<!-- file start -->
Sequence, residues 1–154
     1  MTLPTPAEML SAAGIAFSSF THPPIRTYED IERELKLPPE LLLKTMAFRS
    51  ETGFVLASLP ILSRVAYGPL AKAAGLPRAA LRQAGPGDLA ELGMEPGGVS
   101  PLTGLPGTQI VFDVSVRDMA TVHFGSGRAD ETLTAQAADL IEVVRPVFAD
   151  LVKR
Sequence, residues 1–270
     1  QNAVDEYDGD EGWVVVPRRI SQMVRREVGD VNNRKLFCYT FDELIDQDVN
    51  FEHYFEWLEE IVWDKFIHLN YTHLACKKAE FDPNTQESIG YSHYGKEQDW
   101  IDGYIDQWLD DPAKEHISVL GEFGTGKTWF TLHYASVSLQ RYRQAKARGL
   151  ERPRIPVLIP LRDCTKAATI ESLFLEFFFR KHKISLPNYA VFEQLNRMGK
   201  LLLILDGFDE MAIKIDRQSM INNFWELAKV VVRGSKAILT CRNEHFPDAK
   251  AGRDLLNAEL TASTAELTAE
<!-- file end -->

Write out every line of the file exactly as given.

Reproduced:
Sequence, residues 1–154
     1  MTLPTPAEML SAAGIAFSSF THPPIRTYED IERELKLPPE LLLKTMAFRS
    51  ETGFVLASLP ILSRVAYGPL AKAAGLPRAA LRQAGPGDLA ELGMEPGGVS
   101  PLTGLPGTQI VFDVSVRDMA TVHFGSGRAD ETLTAQAADL IEVVRPVFAD
   151  LVKR
Sequence, residues 1–270
     1  QNAVDEYDGD EGWVVVPRRI SQMVRREVGD VNNRKLFCYT FDELIDQDVN
    51  FEHYFEWLEE IVWDKFIHLN YTHLACKKAE FDPNTQESIG YSHYGKEQDW
   101  IDGYIDQWLD DPAKEHISVL GEFGTGKTWF TLHYASVSLQ RYRQAKARGL
   151  ERPRIPVLIP LRDCTKAATI ESLFLEFFFR KHKISLPNYA VFEQLNRMGK
   201  LLLILDGFDE MAIKIDRQSM INNFWELAKV VVRGSKAILT CRNEHFPDAK
   251  AGRDLLNAEL TASTAELTAE